Professors James Saunders, Ming-Kuo Lee, and Ashraf Uddin, all of the Department of Geology and Geography, recently received a $345,000 three-year grant from the National Science Foundation for a project titled, “Metal(loid) Sequestration by Natural Bacterial Sulfate Reduction and Field-Scale Biostimulation.” The researchers will evaluate if indigenous sulfate-reducing bacteria can be stimulated to make nanoparticle biominerals of iron sulfides that have the capacity to remove arsenic from contaminated groundwater. Two sites will be evaluated: an industrial site in Florida that is routinely doused with arsenic-rich pesticides; and an alluvial aquifer in Macon County, Ala., where arsenic contaminates groundwater by a natural biogeochemical process. The project was funded jointly by the Environmental Engineering and Low-Temperature Geochemistry and Geobiology programs at NSF.
Student Chapters Breed Professional Success
Erik Heider has received a prestigious Barringer Family Fund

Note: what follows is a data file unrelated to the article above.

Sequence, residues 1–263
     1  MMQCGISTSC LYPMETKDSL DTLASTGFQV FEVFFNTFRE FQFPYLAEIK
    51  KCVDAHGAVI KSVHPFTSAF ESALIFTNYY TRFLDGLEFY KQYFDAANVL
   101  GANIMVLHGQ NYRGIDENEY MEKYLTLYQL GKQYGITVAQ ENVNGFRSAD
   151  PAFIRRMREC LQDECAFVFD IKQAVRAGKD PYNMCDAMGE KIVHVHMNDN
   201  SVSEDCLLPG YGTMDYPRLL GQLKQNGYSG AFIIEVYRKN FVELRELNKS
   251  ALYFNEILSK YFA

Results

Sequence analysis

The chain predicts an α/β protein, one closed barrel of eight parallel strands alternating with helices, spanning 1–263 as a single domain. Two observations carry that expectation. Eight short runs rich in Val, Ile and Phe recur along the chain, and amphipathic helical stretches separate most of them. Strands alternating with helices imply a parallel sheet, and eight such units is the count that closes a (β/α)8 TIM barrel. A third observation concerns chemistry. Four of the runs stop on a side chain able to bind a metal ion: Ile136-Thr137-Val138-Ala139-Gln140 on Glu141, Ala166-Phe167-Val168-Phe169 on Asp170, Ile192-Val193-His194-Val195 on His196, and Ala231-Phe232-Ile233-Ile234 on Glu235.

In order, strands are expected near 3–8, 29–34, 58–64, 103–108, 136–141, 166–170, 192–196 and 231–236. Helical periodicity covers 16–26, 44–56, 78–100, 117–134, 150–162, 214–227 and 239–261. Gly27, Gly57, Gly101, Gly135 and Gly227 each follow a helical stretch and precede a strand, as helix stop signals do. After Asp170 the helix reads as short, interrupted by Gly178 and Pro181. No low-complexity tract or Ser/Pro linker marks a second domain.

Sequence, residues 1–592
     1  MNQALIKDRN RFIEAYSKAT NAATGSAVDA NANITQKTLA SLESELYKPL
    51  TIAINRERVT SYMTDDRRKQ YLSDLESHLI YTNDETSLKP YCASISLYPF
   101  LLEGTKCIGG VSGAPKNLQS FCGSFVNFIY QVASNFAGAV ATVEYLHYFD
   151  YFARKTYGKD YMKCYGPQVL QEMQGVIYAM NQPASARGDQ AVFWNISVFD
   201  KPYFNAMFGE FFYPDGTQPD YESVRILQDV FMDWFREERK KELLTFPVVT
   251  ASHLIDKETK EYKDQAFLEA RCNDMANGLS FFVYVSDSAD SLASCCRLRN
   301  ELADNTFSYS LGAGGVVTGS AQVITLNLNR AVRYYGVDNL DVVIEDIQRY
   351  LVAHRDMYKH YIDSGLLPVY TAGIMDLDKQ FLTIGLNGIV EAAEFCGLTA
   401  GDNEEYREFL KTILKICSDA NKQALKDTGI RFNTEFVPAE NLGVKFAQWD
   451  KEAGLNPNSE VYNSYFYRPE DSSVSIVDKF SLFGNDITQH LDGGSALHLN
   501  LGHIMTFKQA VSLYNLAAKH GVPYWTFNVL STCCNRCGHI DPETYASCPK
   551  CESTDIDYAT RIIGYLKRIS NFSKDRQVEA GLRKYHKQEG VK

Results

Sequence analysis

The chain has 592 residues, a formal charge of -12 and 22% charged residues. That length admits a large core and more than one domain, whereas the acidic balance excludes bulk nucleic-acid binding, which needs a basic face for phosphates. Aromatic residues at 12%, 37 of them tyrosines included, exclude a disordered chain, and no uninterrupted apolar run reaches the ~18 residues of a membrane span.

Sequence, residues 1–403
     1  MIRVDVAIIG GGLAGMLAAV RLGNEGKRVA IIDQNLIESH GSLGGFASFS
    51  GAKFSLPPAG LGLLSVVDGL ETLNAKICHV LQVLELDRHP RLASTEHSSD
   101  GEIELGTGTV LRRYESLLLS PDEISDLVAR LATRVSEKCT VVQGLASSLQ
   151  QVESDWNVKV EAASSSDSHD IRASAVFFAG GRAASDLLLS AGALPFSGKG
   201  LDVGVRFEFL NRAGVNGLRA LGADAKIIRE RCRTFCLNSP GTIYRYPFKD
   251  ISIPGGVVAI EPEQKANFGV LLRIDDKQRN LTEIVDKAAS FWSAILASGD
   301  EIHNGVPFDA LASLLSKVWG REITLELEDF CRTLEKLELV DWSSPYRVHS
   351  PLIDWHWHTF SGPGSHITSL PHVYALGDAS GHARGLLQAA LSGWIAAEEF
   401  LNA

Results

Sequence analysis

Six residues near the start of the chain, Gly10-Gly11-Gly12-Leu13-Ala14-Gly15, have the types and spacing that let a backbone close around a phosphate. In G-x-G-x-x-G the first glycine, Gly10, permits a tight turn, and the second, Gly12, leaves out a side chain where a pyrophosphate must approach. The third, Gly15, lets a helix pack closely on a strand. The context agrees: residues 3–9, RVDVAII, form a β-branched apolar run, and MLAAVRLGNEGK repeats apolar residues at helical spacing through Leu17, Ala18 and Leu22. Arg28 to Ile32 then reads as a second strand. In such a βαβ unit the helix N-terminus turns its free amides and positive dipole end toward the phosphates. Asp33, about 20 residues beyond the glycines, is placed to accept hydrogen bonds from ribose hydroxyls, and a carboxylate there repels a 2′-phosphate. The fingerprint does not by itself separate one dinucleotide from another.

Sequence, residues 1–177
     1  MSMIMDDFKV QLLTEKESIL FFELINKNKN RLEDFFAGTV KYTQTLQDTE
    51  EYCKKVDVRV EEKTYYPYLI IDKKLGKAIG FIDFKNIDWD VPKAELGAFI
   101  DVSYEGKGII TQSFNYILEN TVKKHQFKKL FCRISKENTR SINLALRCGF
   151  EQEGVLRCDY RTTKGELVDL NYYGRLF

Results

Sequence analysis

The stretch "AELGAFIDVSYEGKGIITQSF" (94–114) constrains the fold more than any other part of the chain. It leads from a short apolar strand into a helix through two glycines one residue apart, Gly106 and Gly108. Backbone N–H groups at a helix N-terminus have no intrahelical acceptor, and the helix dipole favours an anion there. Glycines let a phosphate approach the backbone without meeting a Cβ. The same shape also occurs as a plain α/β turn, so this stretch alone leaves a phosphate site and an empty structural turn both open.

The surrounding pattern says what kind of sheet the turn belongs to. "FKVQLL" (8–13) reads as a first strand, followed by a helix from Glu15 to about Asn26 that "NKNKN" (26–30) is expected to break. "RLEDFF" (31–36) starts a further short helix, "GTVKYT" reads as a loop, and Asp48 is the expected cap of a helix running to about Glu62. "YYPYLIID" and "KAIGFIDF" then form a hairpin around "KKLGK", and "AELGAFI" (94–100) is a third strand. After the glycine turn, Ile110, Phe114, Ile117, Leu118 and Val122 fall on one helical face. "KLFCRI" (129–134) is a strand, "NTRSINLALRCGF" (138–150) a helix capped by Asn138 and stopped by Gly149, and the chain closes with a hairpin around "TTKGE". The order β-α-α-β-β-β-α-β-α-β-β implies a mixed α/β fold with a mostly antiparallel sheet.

Does the record cold winter mean global warming is a myth? Auburn climatologist weighs in on climate change controversy
James Taylor: Seismic Locator for EarthScope, Summer 2010
Collins is running a "green fields" exploration project for African Barrick Gold, in western Kenya, and this is a picture of him showing some visible gold in drill core to the Kenyan Minister of Mines.
GIS Project Links Restaurants and Farmers
Congratulations to Ziaul Haque, for winning the American Association of Petroleum Geologists (AAPG) Weimer Family grant! Ziaul is a geology graduate student studying the petrofacies evolution of coarse clastics from the Cahaba Basin, Alabama, under the direction of Dr. Ashraf Uddin. He is the only graduate student to receive an AAPG award this year from the State of Alabama, and he also received a grant recently for the same project from the Geological Society of America (GSA).
Over the past 20 years, Willis Hames, a professor in Auburn University’s Department of Geology and Geography, has seen his fair share of student athletes in his classroom. He teaches Physical Geology, a large, auditorium-style science class which fills up quickly because it’s open to students from diverse academic curriculums. Last semester, one of his students was Auburn University football star and instant legend, Chris Davis. It was Hames’ class that erupted in a spontaneous standing ovation in honor of Davis on Dec. 2, the Monday following the Iron Bowl; a game which ended with Davis returning Alabama’s missed field goal for a touchdown, bringing Auburn the victory. Hames recalls the standing ovation and notes there was a feeling of the extraordinary in the air, even before Davis walked into the classroom.